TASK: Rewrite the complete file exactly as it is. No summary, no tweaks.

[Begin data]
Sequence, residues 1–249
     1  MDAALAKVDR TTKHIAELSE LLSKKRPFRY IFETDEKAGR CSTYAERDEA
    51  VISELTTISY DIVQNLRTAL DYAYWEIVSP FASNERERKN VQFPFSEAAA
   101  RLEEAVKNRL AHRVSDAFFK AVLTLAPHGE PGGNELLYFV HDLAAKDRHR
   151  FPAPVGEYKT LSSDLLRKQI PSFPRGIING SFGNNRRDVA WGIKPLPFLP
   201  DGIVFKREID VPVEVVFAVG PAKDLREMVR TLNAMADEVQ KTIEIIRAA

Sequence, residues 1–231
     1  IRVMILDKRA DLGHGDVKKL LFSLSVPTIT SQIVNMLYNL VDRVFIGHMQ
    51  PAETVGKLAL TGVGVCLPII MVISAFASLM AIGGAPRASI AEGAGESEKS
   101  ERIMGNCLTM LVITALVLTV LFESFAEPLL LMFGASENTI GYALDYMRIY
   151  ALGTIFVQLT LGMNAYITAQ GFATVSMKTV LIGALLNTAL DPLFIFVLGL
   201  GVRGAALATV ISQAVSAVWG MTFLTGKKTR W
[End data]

Sequence, residues 1–249
     1  MDAALAKVDR TTKHIAELSE LLSKKRPFRY IFETDEKAGR CSTYAERDEA
    51  VISELTTISY DIVQNLRTAL DYAYWEIVSP FASNERERKN VQFPFSEAAA
   101  RLEEAVKNRL AHRVSDAFFK AVLTLAPHGE PGGNELLYFV HDLAAKDRHR
   151  FPAPVGEYKT LSSDLLRKQI PSFPRGIING SFGNNRRDVA WGIKPLPFLP
   201  DGIVFKREID VPVEVVFAVG PAKDLREMVR TLNAMADEVQ KTIEIIRAA

Sequence, residues 1–231
     1  IRVMILDKRA DLGHGDVKKL LFSLSVPTIT SQIVNMLYNL VDRVFIGHMQ
    51  PAETVGKLAL TGVGVCLPII MVISAFASLM AIGGAPRASI AEGAGESEKS
   101  ERIMGNCLTM LVITALVLTV LFESFAEPLL LMFGASENTI GYALDYMRIY
   151  ALGTIFVQLT LGMNAYITAQ GFATVSMKTV LIGALLNTAL DPLFIFVLGL
   201  GVRGAALATV ISQAVSAVWG MTFLTGKKTR W